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Daily Rules, Proposed Rules, and Notices of the Federal Government

DEPARTMENT OF THE INTERIOR

Fish and Wildlife Service

50 CFR Part 20

[Docket No. FWS-R9-MB-2012-0005: FF09M21200-123-FXMB1231099BPP0L2]

RIN 1018-AX97

Migratory Bird Hunting; Final Frameworks for Early-Season Migratory Bird Hunting Regulations

AGENCY: Fish and Wildlife Service, Interior.
ACTION: Final rule.
SUMMARY: This rule prescribes final early-season frameworks from which the States, Puerto Rico, and the Virgin Islands may select season dates, limits, and other options for the 2012-13 migratory bird hunting seasons. Early seasons are those that generally open prior to October 1, and include seasons in Alaska, Hawaii, Puerto Rico, and the Virgin Islands. The effect of this final rule is to facilitate the selection of hunting seasons by the States and Territories to further the annual establishment of the early-season migratory bird hunting regulations.
DATES: This rule takes effect on August 30, 2012.
ADDRESSES: States and Territories should send their season selections to: Chief, Division of Migratory Bird Management, U.S. Fish and Wildlife Service, ms MBSP-4107-ARLSQ, 1849 C Street NW., Washington, DC 20240. You may inspect comments during normal business hours at the Service's office in room 4107, 4501 N. Fairfax Drive, Arlington, Virginia, or athttp://www.regulations.govat Docket No. FWS-R9-MB-2012-0005.
FOR FURTHER INFORMATION CONTACT: Ron W. Kokel, U.S. Fish and Wildlife Service, Department of the Interior, MS MBSP-4107-ARLSQ, 1849 C Street NW., Washington, DC 20240; (703) 358-1714.
SUPPLEMENTARY INFORMATION:

Regulations Schedule for 2012

On April 17, 2012, we published in theFederal Register(77 FR 23094) a proposal to amend 50 CFR part 20. The proposal provided a background and overview of the migratory bird hunting regulations process, and addressed the establishment of seasons, limits, and other regulations for hunting migratory game birds under §§ 20.101 through 20.107, 20.109, and 20.110 of subpart K. Major steps in the 2012-13 regulatory cycle relating to open public meetings andFederal Registernotifications were also identified in the April 17 proposed rule. Further, we explained that all sections of subsequent documents outlining hunting frameworks and guidelines were organized under numbered headings. Subsequent documents will refer only to numbered items requiring attention. Therefore, it is important to note that we omit those items requiring no attention, and remaining numbered items might be discontinuous or appear incomplete.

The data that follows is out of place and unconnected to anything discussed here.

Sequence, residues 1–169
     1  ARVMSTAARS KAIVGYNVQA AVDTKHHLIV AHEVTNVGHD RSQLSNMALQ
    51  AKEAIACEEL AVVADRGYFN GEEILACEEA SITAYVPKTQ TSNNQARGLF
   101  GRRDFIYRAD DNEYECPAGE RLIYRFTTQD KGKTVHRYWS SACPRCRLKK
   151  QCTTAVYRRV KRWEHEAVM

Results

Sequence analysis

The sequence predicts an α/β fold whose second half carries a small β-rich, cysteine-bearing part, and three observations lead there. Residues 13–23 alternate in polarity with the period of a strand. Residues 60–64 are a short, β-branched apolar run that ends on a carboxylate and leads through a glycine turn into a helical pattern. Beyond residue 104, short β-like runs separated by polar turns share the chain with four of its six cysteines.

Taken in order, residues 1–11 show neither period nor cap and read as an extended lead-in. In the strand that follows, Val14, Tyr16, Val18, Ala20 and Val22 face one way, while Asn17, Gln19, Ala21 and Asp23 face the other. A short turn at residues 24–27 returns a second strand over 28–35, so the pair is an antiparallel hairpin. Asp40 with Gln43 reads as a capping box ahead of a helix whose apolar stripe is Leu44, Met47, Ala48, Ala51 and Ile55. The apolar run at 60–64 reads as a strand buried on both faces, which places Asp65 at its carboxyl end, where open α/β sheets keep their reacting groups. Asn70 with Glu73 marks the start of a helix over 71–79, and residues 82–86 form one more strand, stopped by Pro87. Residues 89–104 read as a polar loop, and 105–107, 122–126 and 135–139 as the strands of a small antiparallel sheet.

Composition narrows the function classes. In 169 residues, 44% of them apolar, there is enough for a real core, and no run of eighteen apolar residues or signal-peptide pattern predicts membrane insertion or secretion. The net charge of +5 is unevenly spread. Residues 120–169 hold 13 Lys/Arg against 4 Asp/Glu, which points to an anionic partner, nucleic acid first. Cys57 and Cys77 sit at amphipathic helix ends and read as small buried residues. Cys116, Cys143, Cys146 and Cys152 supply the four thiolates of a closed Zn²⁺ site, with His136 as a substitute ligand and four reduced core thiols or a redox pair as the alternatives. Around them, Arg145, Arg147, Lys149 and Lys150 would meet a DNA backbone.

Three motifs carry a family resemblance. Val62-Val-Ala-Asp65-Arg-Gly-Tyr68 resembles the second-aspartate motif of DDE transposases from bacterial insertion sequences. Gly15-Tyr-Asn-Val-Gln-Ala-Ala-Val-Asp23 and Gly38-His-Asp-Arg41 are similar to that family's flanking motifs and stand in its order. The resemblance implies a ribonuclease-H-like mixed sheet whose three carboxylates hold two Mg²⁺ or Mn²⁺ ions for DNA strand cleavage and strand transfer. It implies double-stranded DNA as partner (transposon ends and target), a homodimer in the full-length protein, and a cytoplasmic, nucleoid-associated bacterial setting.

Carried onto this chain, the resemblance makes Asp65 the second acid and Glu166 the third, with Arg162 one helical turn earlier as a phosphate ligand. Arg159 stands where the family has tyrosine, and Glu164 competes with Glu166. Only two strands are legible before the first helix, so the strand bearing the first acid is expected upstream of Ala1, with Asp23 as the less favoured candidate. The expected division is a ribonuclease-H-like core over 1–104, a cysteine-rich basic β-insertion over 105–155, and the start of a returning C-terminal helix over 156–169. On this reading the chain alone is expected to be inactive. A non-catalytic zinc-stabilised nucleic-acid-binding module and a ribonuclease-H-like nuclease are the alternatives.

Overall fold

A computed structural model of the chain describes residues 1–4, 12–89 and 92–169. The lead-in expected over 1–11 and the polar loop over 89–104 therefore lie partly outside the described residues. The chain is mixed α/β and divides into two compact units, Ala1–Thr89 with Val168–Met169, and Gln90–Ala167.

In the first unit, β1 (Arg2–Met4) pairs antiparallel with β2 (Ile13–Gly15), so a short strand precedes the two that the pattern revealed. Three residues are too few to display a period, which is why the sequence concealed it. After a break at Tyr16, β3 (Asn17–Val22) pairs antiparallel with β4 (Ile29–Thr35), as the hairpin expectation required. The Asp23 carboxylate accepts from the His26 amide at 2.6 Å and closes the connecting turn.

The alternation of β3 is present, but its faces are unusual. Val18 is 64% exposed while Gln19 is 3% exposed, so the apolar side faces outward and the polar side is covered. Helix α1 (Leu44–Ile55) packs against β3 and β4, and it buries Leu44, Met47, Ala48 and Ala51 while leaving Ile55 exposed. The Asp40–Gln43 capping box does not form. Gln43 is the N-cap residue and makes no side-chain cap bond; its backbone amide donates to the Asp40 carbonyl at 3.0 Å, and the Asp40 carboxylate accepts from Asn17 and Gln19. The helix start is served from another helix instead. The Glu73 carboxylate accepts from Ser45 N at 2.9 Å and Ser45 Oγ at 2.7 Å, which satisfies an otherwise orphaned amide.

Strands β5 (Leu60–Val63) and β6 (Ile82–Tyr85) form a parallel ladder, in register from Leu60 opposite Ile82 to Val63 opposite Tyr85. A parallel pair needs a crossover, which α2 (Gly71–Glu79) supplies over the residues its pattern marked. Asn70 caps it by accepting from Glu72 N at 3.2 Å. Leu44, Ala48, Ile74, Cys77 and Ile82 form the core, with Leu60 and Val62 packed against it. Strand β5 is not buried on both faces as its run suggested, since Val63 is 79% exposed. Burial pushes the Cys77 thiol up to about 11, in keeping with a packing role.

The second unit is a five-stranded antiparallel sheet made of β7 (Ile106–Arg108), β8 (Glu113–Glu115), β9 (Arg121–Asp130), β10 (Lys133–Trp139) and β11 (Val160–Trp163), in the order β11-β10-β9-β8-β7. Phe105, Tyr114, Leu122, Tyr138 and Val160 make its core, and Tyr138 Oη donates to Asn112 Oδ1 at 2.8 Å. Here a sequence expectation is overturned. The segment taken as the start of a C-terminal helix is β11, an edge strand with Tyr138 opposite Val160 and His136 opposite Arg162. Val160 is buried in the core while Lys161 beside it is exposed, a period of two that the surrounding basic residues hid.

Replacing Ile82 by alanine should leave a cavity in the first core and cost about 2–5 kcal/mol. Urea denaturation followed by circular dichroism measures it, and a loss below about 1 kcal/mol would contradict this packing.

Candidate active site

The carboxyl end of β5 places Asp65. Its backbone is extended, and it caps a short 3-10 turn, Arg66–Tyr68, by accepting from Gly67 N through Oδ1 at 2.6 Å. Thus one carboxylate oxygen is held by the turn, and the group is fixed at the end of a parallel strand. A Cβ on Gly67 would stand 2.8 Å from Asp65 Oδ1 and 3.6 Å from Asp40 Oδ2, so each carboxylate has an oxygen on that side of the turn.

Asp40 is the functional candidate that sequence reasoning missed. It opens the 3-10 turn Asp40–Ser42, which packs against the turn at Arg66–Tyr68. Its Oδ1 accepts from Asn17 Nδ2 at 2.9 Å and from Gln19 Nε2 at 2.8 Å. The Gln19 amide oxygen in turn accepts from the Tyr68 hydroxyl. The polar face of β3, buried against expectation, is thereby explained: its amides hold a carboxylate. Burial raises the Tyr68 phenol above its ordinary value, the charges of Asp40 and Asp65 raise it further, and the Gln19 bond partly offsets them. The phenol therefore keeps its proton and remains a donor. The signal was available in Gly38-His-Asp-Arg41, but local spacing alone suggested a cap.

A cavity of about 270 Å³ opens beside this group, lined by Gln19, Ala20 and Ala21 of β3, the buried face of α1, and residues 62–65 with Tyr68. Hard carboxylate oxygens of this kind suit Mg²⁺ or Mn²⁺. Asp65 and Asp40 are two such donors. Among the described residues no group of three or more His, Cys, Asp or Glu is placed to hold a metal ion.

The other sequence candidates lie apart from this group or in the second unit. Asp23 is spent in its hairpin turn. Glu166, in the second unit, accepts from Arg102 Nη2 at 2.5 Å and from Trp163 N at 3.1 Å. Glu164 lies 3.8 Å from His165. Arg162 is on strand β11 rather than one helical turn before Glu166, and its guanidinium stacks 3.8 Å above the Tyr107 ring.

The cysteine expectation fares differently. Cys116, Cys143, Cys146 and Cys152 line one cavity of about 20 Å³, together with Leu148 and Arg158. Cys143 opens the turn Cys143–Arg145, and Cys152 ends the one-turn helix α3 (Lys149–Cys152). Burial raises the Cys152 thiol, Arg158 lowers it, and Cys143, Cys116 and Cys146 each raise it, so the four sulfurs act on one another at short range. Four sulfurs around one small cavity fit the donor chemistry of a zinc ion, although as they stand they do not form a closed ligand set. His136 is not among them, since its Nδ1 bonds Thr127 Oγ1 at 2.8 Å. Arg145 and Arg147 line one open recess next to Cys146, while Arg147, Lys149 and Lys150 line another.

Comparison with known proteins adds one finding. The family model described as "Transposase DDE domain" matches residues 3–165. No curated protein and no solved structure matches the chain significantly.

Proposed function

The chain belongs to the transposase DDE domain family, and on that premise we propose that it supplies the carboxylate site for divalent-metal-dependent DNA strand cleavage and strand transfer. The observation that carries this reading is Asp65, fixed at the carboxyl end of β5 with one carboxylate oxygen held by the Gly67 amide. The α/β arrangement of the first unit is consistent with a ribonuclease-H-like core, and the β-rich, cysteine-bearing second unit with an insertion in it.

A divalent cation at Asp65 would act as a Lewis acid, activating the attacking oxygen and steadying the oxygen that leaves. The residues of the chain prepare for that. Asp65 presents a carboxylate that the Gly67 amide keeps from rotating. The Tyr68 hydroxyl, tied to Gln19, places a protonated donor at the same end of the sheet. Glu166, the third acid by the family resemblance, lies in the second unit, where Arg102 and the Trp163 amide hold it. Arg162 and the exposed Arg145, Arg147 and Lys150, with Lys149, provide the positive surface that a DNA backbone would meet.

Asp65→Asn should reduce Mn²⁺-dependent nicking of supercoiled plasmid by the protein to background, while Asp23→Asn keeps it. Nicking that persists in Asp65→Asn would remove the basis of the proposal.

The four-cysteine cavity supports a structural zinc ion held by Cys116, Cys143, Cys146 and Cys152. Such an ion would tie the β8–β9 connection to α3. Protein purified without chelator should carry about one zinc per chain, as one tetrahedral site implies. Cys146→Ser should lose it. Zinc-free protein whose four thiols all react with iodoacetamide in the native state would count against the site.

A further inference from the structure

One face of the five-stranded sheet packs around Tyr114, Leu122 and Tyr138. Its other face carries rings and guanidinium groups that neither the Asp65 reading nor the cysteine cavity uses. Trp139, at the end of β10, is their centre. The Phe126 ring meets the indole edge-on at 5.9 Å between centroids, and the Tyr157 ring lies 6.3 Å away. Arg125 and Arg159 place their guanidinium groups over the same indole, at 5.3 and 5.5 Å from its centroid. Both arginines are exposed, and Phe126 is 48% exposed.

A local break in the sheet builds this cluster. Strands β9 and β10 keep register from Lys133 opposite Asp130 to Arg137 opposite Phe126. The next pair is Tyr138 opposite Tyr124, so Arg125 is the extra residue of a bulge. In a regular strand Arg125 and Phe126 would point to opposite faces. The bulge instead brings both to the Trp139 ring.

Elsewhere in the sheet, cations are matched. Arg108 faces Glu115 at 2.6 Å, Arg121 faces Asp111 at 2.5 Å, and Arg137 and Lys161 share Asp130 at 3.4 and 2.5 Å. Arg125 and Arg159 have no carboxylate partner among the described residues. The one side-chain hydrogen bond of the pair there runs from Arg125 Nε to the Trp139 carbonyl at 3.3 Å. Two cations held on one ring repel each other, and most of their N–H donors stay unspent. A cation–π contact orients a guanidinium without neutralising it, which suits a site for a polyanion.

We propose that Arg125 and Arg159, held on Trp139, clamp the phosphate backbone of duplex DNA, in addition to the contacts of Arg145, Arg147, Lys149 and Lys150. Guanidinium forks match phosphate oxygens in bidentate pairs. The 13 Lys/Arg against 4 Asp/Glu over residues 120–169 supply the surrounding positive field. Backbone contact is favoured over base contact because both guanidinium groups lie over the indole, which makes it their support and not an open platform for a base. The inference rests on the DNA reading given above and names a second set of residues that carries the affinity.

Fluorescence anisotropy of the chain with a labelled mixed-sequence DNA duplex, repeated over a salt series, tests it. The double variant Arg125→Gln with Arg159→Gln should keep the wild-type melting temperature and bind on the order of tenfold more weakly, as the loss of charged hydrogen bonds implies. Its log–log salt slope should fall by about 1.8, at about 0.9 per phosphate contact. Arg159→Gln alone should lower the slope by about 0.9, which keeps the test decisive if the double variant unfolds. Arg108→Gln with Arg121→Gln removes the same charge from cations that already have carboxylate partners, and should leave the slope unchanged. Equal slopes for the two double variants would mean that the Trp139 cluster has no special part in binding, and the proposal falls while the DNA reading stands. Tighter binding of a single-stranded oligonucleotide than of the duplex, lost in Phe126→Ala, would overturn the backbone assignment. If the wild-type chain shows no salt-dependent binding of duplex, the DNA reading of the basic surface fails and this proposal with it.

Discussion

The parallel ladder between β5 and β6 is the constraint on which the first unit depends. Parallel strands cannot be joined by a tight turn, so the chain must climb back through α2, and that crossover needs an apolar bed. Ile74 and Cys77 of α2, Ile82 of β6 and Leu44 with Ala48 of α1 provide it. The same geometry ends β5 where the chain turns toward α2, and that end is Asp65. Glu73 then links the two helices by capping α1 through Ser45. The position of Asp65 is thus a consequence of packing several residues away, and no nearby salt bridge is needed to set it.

On May 17, 2012, we published in theFederal Register(77 FR 29516) a second document providing supplemental proposals for early- and late-season migratory bird hunting regulations. The May 17 supplement also provided detailed information on the 2012-13 regulatory schedule and announced the Service Regulations Committee (SRC) and Flyway Council meetings.

On June 12, 2012, we published in theFederal Register(77 FR 34931) a third document revising our previously announced dates of the June 2012 SRC meetings.

On June 19 and 20, 2012, we held open meetings with the Flyway Council Consultants where the participants reviewed information on the current status of migratory shore and upland game birds and developed recommendations for the 2012-13 regulations for these species plus regulations for migratory game birds in Alaska, Puerto Rico, and the Virgin Islands; special September waterfowl seasons in designated States; special sea duck seasons in the Atlantic Flyway; and extended falconry seasons. In addition, we reviewed and discussed preliminary information on the status of waterfowl as it relates to the development and selection of the regulatory packages for the 2012-13 regular waterfowl seasons.

On July 20, 2012, we published in theFederal Register(77 FR 42920) a fourth document specifically dealing with the proposed frameworks for early-season regulations. We published the proposed frameworks for late-season regulations (primarily hunting seasons that start after October 1 and most waterfowl seasons not already established) in an August 17, 2012,Federal Register(77 FR 49868).

This document is the sixth in a series of proposed, supplemental, and final rulemaking documents. It establishes final frameworks from which States may select season dates, shooting hours, and daily bag and possession limits for the 2012-13 season. These selections will be published in theFederal Registeras amendments to §§ 20.101 through 20.107, and § 20.109 of title 50 CFR part 20.

Population Status and Harvest